Female pilots take airline to court over breastfeeding arrangements

The working mothers argue they do not have areas on the plane or at the airport to pump breast milk...

Female pilots take airline to court over breastfeeding arrangements

Picture by: David Zalubowski / AP/Press Association Images

Four Denver-based female pilots have filed discrimination charges against their employer Frontier Airlines, claiming that its pregnancy and nursing policies failed to accommodate breastfeeding requirements.

In the complaints filed by the American Civil Liberties Union (ACLU) on Tuesday, the pilots state that there were no designated locations to express milk at the airport or on the aircraft.

They also claim that they were forced to take eight to 10 weeks of unpaid leave when they were unable to fly in the final stages of their pregnancies.

Galen Sherwin, senior staff attorney with the ACLU Women's Rights Project, said:

"There's a very clear law that requires employers to provide breaks and non-bathroom locations for employees to express breast milk. None of these were available to the pilots".

Frontier has countered that "while there are many workplaces that might allow for nursing mothers to express breast milk during a break from work activities, the duties of a commercial airline pilot present unique circumstances.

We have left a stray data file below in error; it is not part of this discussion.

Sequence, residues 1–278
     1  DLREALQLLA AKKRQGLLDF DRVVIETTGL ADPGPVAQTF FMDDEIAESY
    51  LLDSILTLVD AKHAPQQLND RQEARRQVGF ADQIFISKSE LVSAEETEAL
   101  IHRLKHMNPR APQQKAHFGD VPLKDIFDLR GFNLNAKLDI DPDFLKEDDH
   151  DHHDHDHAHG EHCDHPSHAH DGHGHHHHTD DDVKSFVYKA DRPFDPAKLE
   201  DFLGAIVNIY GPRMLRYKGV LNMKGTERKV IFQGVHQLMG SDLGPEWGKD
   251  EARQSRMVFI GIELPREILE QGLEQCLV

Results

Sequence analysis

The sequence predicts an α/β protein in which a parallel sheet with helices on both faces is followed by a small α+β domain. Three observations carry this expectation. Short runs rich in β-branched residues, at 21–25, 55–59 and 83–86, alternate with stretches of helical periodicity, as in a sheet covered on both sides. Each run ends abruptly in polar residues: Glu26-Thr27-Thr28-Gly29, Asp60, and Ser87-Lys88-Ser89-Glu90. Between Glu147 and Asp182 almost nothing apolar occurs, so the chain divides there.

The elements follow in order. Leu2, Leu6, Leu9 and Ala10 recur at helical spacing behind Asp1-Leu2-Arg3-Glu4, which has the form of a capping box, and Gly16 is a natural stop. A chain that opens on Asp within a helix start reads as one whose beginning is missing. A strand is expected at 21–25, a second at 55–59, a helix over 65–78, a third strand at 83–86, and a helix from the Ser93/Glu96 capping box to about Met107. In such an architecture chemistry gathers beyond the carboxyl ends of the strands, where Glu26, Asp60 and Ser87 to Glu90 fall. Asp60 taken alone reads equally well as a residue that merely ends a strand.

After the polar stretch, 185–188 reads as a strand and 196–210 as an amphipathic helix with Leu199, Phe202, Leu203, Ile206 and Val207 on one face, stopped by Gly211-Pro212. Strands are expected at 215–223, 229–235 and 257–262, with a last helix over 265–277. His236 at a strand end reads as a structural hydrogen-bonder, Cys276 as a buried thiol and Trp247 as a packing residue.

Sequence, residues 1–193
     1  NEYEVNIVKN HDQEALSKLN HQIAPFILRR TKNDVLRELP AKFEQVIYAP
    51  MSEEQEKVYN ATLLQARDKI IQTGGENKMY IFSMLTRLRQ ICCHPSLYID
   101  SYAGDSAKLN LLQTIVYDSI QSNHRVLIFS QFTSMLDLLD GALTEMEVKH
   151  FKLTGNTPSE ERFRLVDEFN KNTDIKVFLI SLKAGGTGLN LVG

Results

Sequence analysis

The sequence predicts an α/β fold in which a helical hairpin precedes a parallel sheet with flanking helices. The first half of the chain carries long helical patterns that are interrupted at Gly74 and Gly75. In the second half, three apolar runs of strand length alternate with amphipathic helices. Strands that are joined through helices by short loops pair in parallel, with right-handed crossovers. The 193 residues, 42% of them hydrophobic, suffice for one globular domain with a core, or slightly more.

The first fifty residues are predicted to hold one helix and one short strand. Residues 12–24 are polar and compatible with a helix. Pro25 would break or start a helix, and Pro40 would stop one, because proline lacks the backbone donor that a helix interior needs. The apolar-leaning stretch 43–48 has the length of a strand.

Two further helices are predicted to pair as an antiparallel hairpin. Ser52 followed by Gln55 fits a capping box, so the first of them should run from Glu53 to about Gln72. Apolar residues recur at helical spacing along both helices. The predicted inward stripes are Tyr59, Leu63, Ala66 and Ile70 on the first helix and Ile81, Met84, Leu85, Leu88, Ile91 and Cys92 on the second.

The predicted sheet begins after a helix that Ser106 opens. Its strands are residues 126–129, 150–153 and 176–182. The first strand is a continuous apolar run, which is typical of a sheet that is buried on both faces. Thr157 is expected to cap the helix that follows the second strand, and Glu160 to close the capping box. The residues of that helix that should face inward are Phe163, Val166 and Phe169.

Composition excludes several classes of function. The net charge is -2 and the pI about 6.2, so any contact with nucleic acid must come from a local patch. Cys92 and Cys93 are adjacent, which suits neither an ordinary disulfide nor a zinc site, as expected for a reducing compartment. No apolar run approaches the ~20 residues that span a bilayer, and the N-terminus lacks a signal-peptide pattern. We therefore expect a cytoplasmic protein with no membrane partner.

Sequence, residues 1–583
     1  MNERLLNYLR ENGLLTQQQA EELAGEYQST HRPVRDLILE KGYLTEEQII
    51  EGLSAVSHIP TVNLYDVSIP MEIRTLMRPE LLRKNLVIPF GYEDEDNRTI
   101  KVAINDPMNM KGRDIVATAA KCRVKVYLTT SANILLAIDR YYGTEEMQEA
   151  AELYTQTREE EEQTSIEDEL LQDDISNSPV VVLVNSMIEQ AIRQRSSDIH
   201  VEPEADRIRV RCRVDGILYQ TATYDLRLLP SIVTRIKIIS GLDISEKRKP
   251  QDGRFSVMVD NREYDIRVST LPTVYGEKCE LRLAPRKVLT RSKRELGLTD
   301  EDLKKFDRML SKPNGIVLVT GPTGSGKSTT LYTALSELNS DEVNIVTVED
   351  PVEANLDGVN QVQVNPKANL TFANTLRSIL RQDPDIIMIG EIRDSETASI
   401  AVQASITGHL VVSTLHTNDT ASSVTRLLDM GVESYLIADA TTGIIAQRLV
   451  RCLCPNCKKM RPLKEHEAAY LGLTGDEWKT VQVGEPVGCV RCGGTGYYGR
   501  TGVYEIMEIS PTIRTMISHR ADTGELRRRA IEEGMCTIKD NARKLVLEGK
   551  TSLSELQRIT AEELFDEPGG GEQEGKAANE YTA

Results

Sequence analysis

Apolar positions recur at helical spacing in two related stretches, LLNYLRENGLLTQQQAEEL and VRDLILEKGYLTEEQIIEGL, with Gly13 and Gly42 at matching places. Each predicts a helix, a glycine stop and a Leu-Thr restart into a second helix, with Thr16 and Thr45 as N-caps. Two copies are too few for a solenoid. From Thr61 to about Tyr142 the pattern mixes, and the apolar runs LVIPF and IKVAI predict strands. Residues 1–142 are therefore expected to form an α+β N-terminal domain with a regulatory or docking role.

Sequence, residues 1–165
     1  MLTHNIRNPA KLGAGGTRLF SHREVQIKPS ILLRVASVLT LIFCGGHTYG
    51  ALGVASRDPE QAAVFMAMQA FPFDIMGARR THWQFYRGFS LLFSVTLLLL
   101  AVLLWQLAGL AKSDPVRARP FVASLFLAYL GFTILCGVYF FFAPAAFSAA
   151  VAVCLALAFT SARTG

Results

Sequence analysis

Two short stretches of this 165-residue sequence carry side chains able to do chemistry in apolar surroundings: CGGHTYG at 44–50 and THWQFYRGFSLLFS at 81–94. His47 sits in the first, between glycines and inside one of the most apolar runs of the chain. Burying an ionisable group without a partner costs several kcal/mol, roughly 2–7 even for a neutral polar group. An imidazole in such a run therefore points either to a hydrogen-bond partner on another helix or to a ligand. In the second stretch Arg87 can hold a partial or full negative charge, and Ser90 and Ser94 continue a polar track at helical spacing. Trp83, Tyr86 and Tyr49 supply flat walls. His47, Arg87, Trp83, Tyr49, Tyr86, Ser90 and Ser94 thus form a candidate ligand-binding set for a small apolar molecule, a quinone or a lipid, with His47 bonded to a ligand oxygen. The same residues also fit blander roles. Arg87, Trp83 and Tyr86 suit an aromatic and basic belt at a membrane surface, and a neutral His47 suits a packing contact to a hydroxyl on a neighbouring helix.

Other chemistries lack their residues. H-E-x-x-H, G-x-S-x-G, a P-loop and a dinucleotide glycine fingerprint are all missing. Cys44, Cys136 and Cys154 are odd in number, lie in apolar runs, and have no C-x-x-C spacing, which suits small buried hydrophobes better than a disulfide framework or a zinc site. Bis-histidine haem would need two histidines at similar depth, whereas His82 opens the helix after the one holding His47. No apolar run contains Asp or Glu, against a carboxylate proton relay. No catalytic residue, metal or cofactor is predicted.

"We have made good-faith efforts to identify and provide rooms and other secure locations for use by breastfeeding pilots during their duty travel".

Whiile Frontier has a designated breast-milk pumping room at Denver International Airport, the pilots said it was not always convenient to their gates and that the airport was an exception.

Shannon Kiedrowski told the Equal Employment Opportunity Commission she had received a written reprimand when she pumped in an airplane restroom and was told that leaving the flight deck raised safety issues.

The ACLU says delays in pumping had resulted in pain and discomfort, with three of the women saying they developed breast tissue infections because they could not pump on a regular schedule.

Erin Zielinski said she had planned to breastfeed her child for a year but quit nursing early when her milk supply dried up.

Zielinski said:

"I love my job as a pilot so much, except for this issue. We don't want future moms to have to go through this. We want a better policy for everyone going forward.

"There are more and more female pilots being hired, including at Frontier. We don't want anyone to have to choose between flying and breastfeeding".